No one’s thinking about me: the action’s all upfront and how I wish I was in it. “Who’re you?” Stotko shouts at the priest as the line almost gives breaks away again with huge bodies squirming to get at him. Then the key line and action: “At least I buy my liquor, I don’t sneak behind the altar and drink it!” The decoys jump up to hide the action, Stotko swings with the flat of his hand, the sound of a keen slap—splatt!—and they go over the guards, narrowly missing Stotko who’s running for all his worth, the entire room after him. The initiation is out of control with the gang of 35 or so circling around the room after Stotko—so there’s a need for me after all.

So I pop the tablets, go: eeeeeeooooowwww!...and start after them, trying to divert them from Stotko. Which I do. My friend the human mountain, eyes me, grabs me by the throat and slams me down, holding my jaws tightly closed—thank God I didn’t have my tongue in the way, his huge hands tightening in a vise around me head to keep my mouth closed, the Alka Seltzer suds going down my throat, me choking which adds to the excitement. Merciful Jesus, is this how Tommy will die? With some crazed idiot gripping my jaws with his huge hands? My mother will be informed of my death and will say “You say he drowned of Alka Seltzer with some Ukrainian holding his jaws shut so he strangled to death? Why? Why?” But then the lights go out, mercifully and the shots ring out. He relaxes his grip on me and I slip out and around the group in the dark, find my way to a back room and get dressed in another suit. Wow, I really have a pain in my back from when that guy tossed me down!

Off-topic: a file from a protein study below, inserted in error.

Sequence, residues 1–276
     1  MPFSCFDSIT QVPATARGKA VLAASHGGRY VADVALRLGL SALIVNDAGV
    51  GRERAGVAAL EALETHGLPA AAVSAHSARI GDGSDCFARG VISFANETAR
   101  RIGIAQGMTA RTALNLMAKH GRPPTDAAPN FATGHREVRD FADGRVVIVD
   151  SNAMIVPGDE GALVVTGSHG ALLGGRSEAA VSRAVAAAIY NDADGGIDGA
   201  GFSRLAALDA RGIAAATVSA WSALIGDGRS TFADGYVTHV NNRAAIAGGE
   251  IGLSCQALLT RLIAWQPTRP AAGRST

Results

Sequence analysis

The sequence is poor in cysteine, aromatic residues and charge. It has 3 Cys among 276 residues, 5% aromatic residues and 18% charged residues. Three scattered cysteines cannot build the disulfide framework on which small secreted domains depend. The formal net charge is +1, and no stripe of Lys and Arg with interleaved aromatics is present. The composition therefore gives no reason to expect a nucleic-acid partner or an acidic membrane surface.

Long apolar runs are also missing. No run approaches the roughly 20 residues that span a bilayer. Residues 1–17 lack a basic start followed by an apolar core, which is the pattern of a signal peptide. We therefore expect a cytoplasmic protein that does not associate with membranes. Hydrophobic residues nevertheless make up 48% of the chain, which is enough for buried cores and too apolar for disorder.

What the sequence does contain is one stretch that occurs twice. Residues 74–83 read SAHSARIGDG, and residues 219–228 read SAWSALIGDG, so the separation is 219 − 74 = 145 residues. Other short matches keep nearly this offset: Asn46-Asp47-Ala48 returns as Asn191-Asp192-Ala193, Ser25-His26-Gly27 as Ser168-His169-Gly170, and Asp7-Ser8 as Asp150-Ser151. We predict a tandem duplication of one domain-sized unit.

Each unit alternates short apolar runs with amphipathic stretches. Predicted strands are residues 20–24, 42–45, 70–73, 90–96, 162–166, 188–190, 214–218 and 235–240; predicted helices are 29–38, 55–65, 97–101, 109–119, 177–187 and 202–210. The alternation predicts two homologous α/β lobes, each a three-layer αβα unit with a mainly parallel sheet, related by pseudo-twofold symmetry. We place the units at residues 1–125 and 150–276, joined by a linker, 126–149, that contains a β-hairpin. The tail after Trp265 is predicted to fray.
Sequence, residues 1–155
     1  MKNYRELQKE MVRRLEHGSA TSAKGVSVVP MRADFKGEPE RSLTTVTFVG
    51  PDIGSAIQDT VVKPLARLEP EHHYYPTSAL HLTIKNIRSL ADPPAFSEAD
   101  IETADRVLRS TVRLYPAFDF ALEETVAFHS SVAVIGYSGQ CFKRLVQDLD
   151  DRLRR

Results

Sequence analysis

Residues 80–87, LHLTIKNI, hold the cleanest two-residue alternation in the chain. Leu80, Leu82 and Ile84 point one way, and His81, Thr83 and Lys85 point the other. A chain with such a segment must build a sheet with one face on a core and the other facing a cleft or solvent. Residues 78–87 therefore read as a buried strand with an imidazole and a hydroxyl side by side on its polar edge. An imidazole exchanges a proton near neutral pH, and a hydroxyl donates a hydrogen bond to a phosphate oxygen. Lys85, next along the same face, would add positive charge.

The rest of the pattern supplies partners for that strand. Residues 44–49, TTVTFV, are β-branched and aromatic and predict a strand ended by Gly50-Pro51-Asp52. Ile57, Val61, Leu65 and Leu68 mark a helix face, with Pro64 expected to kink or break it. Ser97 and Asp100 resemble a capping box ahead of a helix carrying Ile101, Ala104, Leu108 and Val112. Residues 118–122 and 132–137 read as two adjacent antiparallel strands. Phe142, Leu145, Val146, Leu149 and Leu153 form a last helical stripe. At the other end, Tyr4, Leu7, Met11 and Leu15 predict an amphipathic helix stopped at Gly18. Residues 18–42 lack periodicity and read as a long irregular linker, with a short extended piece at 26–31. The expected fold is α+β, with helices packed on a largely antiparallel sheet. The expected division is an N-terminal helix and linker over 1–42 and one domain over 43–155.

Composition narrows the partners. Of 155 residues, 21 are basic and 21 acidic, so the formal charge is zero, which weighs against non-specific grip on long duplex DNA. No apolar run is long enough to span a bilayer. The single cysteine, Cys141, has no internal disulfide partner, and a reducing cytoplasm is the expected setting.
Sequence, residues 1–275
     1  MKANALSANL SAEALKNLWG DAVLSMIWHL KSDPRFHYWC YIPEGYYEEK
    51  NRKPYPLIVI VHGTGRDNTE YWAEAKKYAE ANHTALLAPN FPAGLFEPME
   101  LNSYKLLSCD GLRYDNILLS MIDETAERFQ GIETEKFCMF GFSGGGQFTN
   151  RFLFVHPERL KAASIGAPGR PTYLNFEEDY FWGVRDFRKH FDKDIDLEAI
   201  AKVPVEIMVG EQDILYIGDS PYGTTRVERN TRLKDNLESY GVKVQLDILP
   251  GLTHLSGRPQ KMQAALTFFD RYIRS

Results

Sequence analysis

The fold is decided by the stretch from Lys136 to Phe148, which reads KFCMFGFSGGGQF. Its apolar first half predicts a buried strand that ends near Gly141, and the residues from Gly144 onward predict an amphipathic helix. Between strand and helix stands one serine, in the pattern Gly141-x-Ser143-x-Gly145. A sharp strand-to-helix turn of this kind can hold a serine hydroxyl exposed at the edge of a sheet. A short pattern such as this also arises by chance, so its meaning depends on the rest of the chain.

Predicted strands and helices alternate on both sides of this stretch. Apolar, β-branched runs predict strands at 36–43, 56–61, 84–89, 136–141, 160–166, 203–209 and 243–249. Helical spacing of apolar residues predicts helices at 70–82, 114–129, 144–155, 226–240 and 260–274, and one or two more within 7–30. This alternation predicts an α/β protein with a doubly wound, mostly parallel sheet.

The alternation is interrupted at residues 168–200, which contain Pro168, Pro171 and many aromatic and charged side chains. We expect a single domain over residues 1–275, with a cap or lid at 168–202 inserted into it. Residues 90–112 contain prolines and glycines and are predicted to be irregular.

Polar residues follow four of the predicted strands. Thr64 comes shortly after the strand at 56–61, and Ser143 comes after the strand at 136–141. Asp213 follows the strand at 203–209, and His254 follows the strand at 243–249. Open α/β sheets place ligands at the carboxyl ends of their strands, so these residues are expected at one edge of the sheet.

But such is the resilience of a twenty-six year old that the pain vanishes with the story telling, the reapproachment with the group when the story is unfolded and the long drive back to St. Cloud with all of us telling stories, including Stotko who thought surely he was going to be slugged this time for sure.

“Next time,” said Marty Nilan, “you’re going to be the priest. Our priest has to retire, his wife is getting after him to stay home on Sundays.”

Next time, the priest! Wow! Fun doesn’t get better than this!

The next trip, several Sundays later, is to Minneapolis where I make my debut as a distinguished young priest, in an immaculately pressed black suit with superb celluloid collar, rehearsing on how to reel back from the slap, fall back with all the dignity of a clergyman under assault and dislodge my collar at the same time.

1 comment:

  1. Tom- You are a National Treasure! The last two almost busted my gut. Keep 'em coming. They are the first thing I look for online each day. Cordially,
    Frank Nofsinger
    North Haven, CT